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Though he cast relative unknowns in Russell Crowe and Guy Pearce, Hanson wanted an American movie star for the role of Jack Vincennes, and decided on Kevin Spacey. In an effort to convince Spacey to take the role, Hanson invited him to dine at L.A.’s famous Formosa Cafe (where scenes in the film are actually set). While at the cafe, Spacey asked a vital question:

“If it was really 1952, and you were really making this movie, who would you cast as Jack Vincennes?” Hanson said “Dean Martin.”

At that point, Spacey looked up at the gallery of movie star photos which line the cafe, and realized Martin’s photo was right above him.

“To this day, I don’t know whether he sat us in that booth on purpose, but there was Dino looking down at me,” Spacey said.

After his meeting with Hanson, Spacey watched Martin’s performances in Some Came Running (1958) and Rio Bravo (1959), and realized that both films featured characters who mask vulnerability with a layer of cool. That was the genesis of Jack Vincennes.

7. HANSON CHOSE MUCH OF THE MUSIC BEFORE FILMING.

To help set the tone for his period drama, Hanson began selecting music of the early 1950s even before filming began, so he could play it on set as the actors went to work. Among his most interesting choices: When Jack Vincennes sits in a bar, staring at the money he’s just been bribed with, Dean Martin’s “Powder Your Face With Sunshine (Smile! Smile! Smile!)” plays, a reference to both the character’s melancholy, and to Spacey and Hanson’s decision to base the character on Martin.

8. THE CINEMATOGRAPHY WAS INSPIRED BY ROBERT FRANK PHOTOGRAPHS.

To emphasize realism and period accuracy, cinematographer Dante Spinotti thought less about the moving image, and more about still photographs. In particular, he used photographer Robert Frank’s 1958 collection "The Americans" as a tool, and relied less on artificial light and more on environmental light sources like desk lamps.

"I tried to compose shots as if I were using a still camera,” Spinotti said. “I was constantly asking myself, 'Where would I be if I were holding a Leica?' This is one reason I suggested shooting in the Super 35 widescreen format; I wanted to use spherical lenses, which for me have a look and feel similar to still-photo work.”

9. THE FINAL STORY TWIST IS NOT IN THE BOOK.

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[SPOILER ALERT] In the film, Jack Vincennes, Ed Exley, and Bud White are all chasing a mysterious crime lord known as “Rollo Tomasi,” who turns out to be their own LAPD colleague, Dudley Smith (James Cromwell). Though Vincennes, Exley, and White are all native to Ellroy’s novel, the Tomasi name is entirely an invention of the film.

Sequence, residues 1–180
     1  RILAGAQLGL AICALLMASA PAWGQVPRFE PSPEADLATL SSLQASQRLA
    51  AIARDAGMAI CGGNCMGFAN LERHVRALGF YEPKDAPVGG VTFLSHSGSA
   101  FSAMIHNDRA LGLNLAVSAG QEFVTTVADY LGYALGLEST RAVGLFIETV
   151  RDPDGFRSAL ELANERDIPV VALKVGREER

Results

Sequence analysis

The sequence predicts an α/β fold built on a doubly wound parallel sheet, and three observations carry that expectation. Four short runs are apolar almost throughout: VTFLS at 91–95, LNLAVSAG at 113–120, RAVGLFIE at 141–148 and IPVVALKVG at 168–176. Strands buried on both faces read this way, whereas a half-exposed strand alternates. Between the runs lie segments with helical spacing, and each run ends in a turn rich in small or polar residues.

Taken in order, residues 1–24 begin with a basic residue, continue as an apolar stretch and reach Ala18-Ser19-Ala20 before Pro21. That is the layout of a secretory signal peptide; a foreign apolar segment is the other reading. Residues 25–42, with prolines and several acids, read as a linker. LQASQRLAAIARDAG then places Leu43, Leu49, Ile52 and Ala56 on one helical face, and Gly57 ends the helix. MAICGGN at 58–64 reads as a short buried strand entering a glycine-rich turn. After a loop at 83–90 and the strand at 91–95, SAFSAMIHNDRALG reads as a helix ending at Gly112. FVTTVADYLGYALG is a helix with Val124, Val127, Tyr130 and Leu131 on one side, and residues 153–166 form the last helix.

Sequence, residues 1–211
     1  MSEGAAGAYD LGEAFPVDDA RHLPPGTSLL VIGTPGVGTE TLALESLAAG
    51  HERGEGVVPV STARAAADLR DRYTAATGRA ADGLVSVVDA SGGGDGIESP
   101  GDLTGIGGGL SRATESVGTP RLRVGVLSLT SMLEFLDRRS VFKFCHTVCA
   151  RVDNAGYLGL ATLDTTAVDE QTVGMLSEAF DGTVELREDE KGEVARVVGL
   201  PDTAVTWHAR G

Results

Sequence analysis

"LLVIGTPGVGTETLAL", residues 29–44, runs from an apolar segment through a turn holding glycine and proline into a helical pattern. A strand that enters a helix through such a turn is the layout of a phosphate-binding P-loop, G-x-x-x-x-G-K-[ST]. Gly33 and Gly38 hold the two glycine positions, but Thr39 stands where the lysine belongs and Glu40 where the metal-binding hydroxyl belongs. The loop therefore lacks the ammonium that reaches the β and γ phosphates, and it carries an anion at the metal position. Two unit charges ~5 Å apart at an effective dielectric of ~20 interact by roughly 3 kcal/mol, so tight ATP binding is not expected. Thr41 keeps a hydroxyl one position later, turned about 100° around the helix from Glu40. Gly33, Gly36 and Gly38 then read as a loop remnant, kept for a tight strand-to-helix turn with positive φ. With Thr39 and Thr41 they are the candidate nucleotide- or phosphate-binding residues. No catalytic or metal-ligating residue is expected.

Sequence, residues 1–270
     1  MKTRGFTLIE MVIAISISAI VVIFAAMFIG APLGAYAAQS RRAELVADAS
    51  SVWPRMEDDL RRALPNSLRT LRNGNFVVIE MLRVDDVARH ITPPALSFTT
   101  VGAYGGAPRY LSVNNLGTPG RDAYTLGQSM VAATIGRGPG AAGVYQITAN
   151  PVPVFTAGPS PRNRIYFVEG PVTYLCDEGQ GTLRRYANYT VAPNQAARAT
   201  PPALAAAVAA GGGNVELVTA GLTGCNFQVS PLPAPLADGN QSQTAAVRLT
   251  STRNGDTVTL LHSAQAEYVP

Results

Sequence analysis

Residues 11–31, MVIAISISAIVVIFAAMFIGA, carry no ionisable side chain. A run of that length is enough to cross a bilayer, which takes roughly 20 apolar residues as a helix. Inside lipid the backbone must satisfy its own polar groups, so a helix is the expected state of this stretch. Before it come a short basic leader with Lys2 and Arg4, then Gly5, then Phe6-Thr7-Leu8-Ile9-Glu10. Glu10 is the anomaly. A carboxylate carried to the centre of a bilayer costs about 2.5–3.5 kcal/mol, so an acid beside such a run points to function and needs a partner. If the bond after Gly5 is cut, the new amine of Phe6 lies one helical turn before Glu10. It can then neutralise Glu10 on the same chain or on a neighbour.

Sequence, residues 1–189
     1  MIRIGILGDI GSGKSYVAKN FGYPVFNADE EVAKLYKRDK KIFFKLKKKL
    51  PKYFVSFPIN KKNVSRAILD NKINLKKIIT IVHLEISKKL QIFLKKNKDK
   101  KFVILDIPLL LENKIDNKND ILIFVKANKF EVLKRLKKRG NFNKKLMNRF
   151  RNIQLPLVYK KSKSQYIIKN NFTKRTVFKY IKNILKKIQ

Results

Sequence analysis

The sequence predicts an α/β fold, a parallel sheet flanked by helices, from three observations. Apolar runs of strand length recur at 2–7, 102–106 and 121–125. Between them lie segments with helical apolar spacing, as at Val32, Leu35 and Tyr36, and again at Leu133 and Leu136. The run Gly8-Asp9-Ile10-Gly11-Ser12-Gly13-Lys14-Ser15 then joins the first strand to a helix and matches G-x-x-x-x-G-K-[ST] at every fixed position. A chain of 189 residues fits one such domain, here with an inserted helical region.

10. ELLROY APPROVED OF THE MOVIE.

To adapt L.A. Confidential for the screen, Hanson and Helgeland condensed Ellroy’s original novel, boiling the story down to a three-person narrative and ditching other subplots so they could get to the heart of the three cops at the center of the movie. Ellroy, in the end, was pleased with their choices.

“They preserved the basic integrity of the book and its main theme, which is that everything in Los Angeles during this era of boosterism and yahooism was two-sided and two-faced and put out for cosmetic purposes,” Ellroy said. “The script is very much about the [characters'] evolution as men and their lives of duress. Brian and Curtis took a work of fiction that had eight plotlines, reduced those to three, and retained the dramatic force of three men working out their destiny. I've long held that hard-boiled crime fiction is the history of bad white men doing bad things in the name of authority. They stated that case plain.”

Additional Sources:
Inside the Actors Studio: Kevin Spacey (2000)

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Pop Culture
The Time a Wrestling Fan Tried to Shoot Bobby Heenan in the Ring
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For a man who didn't wrestle much, Bobby “The Brain” Heenan wound up becoming more famous than a lot of the men flexing in the squared circle. The onscreen manager of several notable grapplers, including André the Giant and “Ravishing” Rick Rude, Heenan died on Sunday at the age of 73. His passing has led to several tributes recalling his memorable moments, from dressing up in a weasel suit to hosting a short-lived talk show on TNT.

While Heenan’s “heel” persona was considered great entertainment, there was a night back in 1975 when he did his job a little too well. As a result, an irate fan tried to assassinate him in the ring.

According to the Chicago Tribune, Heenan was appearing at the International Amphitheater in Chicago as part of the now-defunct AWA wrestling promotion when his performance began to grate on the nerves of an unnamed attendee seated on the floor. Eyewitnesses described the man as friendly up until wrestlers Verne Gagne and Nick Bockwinkel started their bout with Heenan at ringside in Bockwinkel’s corner.

“Get Heenan out of there,” the fan screamed, possibly concerned his character would interfere in a fair contest. Heenan, known as “Pretty Boy” at the time, began to distract the referee, awarding an advantage to his wrestler. When the official began waving his arms to signal Heenan to stop interrupting, the fan apparently took it as the match being over and awarded in Bockwinkel’s favor. He drew a gun and began firing.

The man got off two shots, hitting three bystanders with one bullet and two more with the other before running out of the arena. (No fatalities were reported.) Security swarmed the scene, getting medical attention for the injured and escorting both Heenan and the wrestlers to the back.

According to Heenan, the shooter was never identified by anyone, and he was brazen enough to continue attending wrestling cards at the arena. ("Chicago really took that 'no snitching' thing to heart back then," according to Uproxx.)

Heenan went on to spend another 30 years in the business getting yelled at and hit with chairs, but was never again forced to dodge a bullet.